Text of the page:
Every state has its own social oddities and unique quirks. Whether environmental or cultural, there are always those awkward little moments that only happen in your state. West Virginia is no different. These collective experiences that West Virginians all share can generate a thousand little awkward moments throughout our lives.
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1. Explaining to out-of-towners that West Virginia is its own state.
This is a strange belief that still persists to this day - that West Virginia is just the western part of Virginia. We have all had to explain this at least once, especially when providing an address to someone over the phone. This is probably because WV is the only state that doesn’t have a companion state denoted by a cardinal direction, like the Dakotas or the Carolinas.
2. Receiving a blank stare when asking for a "pop" out-of-state.
One staple of Appalachian culture is the use of the word Pop when referring to soda. This is from the original term Soda Pop. Most states have since dropped the word pop, others dropped soda. It is not uncommon for a West Virginian to ask for pop in a restaurant or for directions to the pop aisle in a grocery store, only to be met with a blank stare.
3. The unavoidable heavy sweating that accompanies a typical summer day.
One thing that no West Virginian enjoys is a hot day during high summer, when the temperature is typically in the low to mid nineties and the humidity is 100 percent. Add to this an almost complete lack of wind. On a day like that, it only takes about 10 minutes before you are visibly sweating. This can be very awkward in situations like job interviews or lunch dates.
4. Having to explain to out-of-towners that WV is not a state entirely populated by barefoot hillbillies.
This is a stereotypical belief perpetuated by certain forms of media like TV and film, and as such, it is wildly exaggerated.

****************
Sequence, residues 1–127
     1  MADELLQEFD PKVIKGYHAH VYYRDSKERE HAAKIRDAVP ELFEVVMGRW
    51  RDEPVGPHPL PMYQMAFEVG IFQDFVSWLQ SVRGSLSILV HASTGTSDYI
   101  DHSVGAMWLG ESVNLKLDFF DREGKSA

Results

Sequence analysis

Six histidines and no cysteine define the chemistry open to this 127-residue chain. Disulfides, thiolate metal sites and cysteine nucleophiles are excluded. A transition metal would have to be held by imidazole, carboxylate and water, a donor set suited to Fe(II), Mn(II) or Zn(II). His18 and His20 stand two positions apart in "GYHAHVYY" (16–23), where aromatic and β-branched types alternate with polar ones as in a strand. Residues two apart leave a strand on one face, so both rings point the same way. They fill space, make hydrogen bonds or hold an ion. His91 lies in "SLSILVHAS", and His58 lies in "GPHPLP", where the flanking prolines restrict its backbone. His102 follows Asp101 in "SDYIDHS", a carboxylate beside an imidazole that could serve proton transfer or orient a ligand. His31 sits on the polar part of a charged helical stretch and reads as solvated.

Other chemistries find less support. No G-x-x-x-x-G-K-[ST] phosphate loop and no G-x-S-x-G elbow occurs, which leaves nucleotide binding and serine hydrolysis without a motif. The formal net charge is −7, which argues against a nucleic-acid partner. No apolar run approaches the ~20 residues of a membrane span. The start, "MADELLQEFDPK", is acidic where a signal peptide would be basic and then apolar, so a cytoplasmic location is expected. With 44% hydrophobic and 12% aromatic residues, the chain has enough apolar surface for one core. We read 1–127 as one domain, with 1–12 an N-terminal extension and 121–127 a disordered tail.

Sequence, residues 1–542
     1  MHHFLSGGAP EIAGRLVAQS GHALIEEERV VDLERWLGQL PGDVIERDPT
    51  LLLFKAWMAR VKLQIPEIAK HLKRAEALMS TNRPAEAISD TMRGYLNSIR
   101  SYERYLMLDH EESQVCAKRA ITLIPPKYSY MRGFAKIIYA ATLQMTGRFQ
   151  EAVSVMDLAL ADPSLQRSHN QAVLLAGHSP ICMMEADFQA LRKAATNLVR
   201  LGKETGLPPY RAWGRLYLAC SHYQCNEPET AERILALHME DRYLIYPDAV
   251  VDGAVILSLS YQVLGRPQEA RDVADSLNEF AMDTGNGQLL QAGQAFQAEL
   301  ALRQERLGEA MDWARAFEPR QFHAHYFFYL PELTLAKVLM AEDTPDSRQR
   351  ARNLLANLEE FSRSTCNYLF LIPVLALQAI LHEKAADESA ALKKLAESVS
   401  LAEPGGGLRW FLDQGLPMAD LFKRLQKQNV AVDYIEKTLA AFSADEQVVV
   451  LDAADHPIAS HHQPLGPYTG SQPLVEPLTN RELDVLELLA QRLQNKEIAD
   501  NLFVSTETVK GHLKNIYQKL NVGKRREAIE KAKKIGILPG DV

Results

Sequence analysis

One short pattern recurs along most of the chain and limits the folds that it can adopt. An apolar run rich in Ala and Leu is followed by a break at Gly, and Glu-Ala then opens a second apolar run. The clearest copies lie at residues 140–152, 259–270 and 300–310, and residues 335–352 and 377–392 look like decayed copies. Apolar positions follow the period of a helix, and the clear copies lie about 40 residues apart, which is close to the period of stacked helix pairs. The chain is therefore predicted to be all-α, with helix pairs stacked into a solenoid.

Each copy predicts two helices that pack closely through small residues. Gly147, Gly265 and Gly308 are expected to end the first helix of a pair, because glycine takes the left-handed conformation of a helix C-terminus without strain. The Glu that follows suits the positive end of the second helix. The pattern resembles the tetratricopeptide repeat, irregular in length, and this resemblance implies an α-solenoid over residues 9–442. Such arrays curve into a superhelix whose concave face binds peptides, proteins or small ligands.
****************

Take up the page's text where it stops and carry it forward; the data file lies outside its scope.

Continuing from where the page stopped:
5. Explaining to out-of-towners that John Denver’s "Take Me Home, Country Roads" doesn’t accurately describe West Virginia.
Of course, this one is confusing, since it was adopted as our state song. To begin with, John Denver had never stepped foot in West Virginia when he wrote that song (with the help of two friends). Had he been familiar with this state he would know that the Blue Ridge Mountains are in Virginia and barely touch West Virginia at all, and the Shenandoah River only briefly passes through the eastern panhandle of the state for a distance of roughly 20 miles. It is the state of Virginia that is characterized by these natural locations.
6. Realizing you went overboard stocking your house with supplies in preparation for a big storm.
This one happens pretty frequently, whenever a storm is about to hit (either in the winter or summer) West Virginians flock to the local grocery stores and Walmarts, apparently preparing for nothing less than Armageddon. If a storm is coming, every West Virginian knows to hit the store before the shelves begin to empty, only to find themselves staring at an overabundance of food and bottled water for a storm that was nowhere near as bad as predicted. However, the panic is sometimes justified as every year there is at least one storm the can leave people without electricity for a week or more.